The BJP, Shiv Sena and other political parties who waged the Bharat Bandh yesterday are in a jubilant mood, as they celebrate the flair with which they managed to disrupt the lives of common people in the city and bring business and commerce to a grinding halt. The deserted streets, with their lines of shops with downed shutters, brought great exhilaration to party leaders and workers, who rejoiced at the success of the bandh and insisted that it was a sign of the common man’s solidarity to their methods.
The first symbolic gesture in the tableau of protest included parades of bullock carts and horses, an implication that these would have to be the new modes of transport, if petrol prices continued to skyrocket. Motorbikes weren’t ridden but dramatically dragged along the desolate streets by protestors. Party workers and politicians also courted arrests.
The Congress party, the leading party at the Centre, maintained that the bandh was illegal. “A Bharat bandh is an illegal and unethical attempt undertaken by the BJP and other parties to hold the lives of people to ransom. Despite understanding well that the UPA did not have any other alternative but to hike the price of petrol, the BJP and other parties are misguiding people by trying to present an unrealistic and exaggerated picture. This is a venture motivated to create unrest among people and fuel distrust of the UPA,” said Congress spokesperson Sachin Sawant. BJP president Sudhir Mungatiwar, however, insisted that the bandh had illustrated and proved beyond doubt that people were upset with nonfunctional governments at the state and Centre.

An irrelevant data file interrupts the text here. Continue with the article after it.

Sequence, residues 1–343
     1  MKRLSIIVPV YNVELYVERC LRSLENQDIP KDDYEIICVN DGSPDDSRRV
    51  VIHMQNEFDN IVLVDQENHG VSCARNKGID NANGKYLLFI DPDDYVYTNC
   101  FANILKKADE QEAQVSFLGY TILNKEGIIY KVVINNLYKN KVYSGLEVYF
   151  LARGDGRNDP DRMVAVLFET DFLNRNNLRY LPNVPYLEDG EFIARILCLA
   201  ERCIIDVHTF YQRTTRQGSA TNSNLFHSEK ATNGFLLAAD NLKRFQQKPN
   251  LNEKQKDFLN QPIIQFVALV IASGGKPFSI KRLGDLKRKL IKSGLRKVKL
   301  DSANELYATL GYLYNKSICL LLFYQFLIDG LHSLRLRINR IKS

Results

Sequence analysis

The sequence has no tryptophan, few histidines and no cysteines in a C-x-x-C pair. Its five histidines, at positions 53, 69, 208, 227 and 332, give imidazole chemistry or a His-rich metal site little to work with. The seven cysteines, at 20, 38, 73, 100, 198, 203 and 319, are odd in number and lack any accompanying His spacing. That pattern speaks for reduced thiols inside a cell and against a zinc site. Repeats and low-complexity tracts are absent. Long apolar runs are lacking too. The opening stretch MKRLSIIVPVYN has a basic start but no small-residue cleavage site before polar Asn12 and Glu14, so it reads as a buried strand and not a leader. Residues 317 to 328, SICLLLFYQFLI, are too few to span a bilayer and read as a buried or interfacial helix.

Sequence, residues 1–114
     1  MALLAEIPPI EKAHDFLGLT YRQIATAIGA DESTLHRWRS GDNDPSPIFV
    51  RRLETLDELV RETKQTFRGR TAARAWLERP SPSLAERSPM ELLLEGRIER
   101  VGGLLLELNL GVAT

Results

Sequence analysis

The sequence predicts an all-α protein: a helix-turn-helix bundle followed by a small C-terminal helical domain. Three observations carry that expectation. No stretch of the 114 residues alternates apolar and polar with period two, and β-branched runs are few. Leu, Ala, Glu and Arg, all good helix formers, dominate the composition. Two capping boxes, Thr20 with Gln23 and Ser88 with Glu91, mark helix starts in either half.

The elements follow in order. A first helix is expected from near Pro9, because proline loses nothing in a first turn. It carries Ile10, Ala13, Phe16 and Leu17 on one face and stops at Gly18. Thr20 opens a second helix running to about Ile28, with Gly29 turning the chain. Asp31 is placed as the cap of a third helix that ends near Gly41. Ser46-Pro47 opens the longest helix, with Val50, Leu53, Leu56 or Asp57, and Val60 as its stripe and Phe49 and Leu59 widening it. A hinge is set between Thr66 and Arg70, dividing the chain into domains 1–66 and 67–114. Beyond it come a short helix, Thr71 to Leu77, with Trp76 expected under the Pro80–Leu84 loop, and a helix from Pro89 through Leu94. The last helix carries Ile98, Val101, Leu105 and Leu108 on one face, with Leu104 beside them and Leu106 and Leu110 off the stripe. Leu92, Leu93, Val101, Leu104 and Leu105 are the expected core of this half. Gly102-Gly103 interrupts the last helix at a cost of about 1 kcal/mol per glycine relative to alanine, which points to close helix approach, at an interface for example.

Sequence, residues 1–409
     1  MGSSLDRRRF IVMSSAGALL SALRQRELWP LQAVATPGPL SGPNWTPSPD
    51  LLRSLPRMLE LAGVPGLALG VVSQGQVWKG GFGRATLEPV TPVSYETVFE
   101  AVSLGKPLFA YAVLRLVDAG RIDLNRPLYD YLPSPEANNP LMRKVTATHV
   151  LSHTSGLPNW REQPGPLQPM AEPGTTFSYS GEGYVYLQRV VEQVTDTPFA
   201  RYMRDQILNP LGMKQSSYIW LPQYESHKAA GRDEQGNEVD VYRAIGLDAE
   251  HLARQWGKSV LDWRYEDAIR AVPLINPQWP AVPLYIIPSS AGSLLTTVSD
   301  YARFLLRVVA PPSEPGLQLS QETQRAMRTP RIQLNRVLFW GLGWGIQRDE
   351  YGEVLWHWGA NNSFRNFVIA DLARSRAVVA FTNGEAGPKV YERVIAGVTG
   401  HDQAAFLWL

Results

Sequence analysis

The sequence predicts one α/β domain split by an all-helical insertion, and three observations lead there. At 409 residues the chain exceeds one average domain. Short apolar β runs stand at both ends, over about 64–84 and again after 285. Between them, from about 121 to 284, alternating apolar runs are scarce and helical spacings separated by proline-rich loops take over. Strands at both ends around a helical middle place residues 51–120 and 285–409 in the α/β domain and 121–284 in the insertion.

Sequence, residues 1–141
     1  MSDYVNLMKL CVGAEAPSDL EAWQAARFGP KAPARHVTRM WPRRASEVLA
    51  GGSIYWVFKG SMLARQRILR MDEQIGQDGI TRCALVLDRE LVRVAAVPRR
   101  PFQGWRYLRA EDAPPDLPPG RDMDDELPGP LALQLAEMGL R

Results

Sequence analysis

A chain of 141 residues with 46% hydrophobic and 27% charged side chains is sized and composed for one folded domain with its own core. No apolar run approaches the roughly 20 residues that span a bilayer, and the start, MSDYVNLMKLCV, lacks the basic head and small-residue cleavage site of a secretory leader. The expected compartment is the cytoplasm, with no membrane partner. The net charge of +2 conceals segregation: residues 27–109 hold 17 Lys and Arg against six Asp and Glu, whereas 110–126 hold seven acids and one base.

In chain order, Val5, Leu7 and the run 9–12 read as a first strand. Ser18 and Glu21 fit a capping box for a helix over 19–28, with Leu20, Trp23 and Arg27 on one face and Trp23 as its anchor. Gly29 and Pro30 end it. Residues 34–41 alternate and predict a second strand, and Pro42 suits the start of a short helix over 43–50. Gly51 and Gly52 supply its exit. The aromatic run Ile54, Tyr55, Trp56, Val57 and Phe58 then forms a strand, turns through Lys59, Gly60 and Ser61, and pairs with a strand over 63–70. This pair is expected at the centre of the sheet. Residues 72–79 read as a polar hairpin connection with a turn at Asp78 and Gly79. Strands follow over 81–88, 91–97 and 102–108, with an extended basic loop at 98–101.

“People who are already reeling under the impact of price rise actively took part in the bandh, and have shown their clear displeasure towards the Congress-led UPA government’s decision to hike petrol prices,” he said. Shiv Sena spokesperson Rahul Narvekar said, “People had shut their shops of their own accord, voluntarily participating in the bandh against the ineffectual government that doesn’t pay heed to problems faced by them. Even in small villages, market places were shut. The government will pay the price in the forthcoming elections for their insensitive attitude towards the common public,” said Narvekar.
'Like a govt holiday'
Everything has been calm and for most people it is like a government holiday.
— S Vishwanathan, 50, newspaper vendor
Because of the bandh, I had to walk for nearly 4 km from Andheri station to Seepz, in order to reach my work place. The rickshaws weren’t plying and the buses were infrequent.
— Suraj Sawant, 25, medical coder
The rickshaws weren’t plying at all. I had to walk to the college where I work, and was late, which affected my attendance record.
— Sanjay Turambekar, 38, lab assistant
Our eatery has suffered losses today. As people did not venture out much, business was terrible.
— Pradeep Kamble, 24, cashier in a Churchgate eatery
— Nivedita Dargalkar and Anuradha Varanasi